To be, or not to be social? 

The debate over whether or not to use social media in marketing has been raised in many an investment management firm, especially over the last ten years. As an increasing number of investors spend more time online, it is certainly very tempting for investment marketers to use social channels to promote their brand.

While platforms such as Twitter and Facebook, and networks such as LinkedIn, are undoubtedly very powerful for sharing messages, many investment managers have been more reluctant to engage with their audience through these channels. This is especially the case in businesses with very established cultures - often to the great frustration of marketing teams.

Err on the side of caution, or risk being left behind? 

This raises the dilemma in many investment companies of whether to err on the side of caution and not engage on social media - owing to the potential risks involved, or whether to invest in a social strategy, and evolve alongside your clients?

As ever, there is no clear-cut solution, and the answer very much depends on each business. While some firms run the risk of being left behind their competitors due to a refusal to have a social media strategy, the internet is equally littered with examples of businesses that have incurred significant reputational risk due to being ill prepared for the risks that a social media presence can bring.

In general, there are a few principles to bear in mind when considering social media as part of your marketing strategy.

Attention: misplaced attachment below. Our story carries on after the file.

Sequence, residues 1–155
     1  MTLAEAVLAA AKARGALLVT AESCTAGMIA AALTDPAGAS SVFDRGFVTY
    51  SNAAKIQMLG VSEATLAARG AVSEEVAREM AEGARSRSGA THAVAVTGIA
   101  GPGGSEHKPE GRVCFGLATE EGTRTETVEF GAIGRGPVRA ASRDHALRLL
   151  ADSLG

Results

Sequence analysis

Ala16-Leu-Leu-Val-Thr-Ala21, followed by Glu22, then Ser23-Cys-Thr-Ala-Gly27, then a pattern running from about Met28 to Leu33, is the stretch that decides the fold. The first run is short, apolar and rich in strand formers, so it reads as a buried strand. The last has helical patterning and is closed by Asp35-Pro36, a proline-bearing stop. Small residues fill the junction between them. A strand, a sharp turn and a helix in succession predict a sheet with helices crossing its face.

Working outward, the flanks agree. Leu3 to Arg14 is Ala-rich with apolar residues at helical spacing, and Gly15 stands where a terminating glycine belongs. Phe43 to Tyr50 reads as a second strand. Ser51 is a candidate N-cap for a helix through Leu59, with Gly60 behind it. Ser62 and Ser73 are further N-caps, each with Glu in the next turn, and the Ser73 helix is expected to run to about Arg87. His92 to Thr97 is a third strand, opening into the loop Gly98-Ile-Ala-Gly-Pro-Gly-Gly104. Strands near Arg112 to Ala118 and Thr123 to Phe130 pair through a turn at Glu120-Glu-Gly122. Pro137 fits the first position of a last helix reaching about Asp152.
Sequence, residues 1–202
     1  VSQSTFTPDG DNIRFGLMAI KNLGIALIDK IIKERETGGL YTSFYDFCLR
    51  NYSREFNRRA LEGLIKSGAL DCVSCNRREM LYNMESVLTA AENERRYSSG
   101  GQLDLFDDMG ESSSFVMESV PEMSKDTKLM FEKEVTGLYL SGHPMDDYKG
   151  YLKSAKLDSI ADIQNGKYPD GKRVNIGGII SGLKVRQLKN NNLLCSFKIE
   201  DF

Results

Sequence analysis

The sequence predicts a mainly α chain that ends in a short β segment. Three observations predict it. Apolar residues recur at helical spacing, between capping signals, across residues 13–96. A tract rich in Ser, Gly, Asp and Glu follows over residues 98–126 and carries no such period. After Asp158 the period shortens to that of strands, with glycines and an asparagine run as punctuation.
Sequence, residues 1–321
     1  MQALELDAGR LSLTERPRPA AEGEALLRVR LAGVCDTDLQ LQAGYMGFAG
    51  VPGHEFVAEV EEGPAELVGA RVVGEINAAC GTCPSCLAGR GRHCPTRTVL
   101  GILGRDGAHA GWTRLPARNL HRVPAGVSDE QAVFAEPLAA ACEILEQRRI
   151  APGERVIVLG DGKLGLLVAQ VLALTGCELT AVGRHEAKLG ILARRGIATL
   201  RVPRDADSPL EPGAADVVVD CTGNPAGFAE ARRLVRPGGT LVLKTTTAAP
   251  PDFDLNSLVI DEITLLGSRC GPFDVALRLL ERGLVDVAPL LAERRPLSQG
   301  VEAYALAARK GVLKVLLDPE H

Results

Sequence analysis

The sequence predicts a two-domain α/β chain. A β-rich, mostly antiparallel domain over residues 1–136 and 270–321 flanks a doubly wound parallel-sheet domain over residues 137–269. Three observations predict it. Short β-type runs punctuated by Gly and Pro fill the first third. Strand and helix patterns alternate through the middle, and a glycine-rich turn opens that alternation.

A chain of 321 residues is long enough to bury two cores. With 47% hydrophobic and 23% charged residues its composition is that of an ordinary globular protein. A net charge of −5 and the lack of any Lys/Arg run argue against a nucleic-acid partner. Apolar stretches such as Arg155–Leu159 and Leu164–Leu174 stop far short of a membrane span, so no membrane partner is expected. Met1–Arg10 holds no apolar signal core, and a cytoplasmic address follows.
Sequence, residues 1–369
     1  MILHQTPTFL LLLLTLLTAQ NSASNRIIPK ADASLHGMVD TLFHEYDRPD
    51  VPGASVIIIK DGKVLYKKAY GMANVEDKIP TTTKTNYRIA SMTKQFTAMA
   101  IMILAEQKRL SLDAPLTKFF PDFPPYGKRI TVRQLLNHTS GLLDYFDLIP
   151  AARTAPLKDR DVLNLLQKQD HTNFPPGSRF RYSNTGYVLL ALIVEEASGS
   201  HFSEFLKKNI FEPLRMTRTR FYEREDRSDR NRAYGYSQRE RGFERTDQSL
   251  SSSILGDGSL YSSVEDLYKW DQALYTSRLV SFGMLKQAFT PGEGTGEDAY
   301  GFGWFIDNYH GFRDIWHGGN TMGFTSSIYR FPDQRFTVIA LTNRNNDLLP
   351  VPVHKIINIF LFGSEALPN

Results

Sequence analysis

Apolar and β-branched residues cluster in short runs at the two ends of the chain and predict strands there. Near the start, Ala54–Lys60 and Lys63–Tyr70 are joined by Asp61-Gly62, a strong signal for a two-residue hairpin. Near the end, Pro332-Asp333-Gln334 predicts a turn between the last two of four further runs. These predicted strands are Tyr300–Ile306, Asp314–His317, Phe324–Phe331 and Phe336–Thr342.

1. Don't run before you can walk: make sure your firm is adequately prepared for social media engagement in marketing before you embark on it. Consider the buy-in of strategic stakeholders before committing to a strategy out of fear of being left behind your competitors.
  2. Social is not for everyone: make sure social media is appropriate for your business' objectives. This also goes for ensuring you choose the most appropriate social channels for your brand. While certain financial services groups need to have a very clear presence on most consumer-facing social channels, others may only attract unnecessary attention and a client base they're not targeting.
  3. Know the risks: social media marketing may bring great rewards, but make sure your business is familiar with the potential risks as well. This can be mitigated by creating sound social media policies for staff, and ensuring that your compliance and HR teams understand the potential pitfalls.
  4. Budget appropriately: while social media may be free, ensure that your team has adequate budget behind the monitoring and resourcing of the social function. It is also prudent to allocate some money towards reputation management in the event of a crisis, which - if not handled swiftly and correctly - can quickly spiral out of control and risk your firm's brand value.
  5. Content is king: make sure your firm has something to say, that you have enough content to engage regularly (infrequent or irregular content is not best practice), that your content is engaging and succinct (nobody wants to read a 300-word LinkedIn post) and that you can back up your facts with evidence (as social media users can be quite interrogative!)

While it can be frustrating when firms simply refuse to modernise their communications strategy, it is best to try and understand the reason for the reluctance. Only when you start addressing these reasons and offering risk-mitigating plans, and evidence of successful social media use, can behaviour in firms start to change.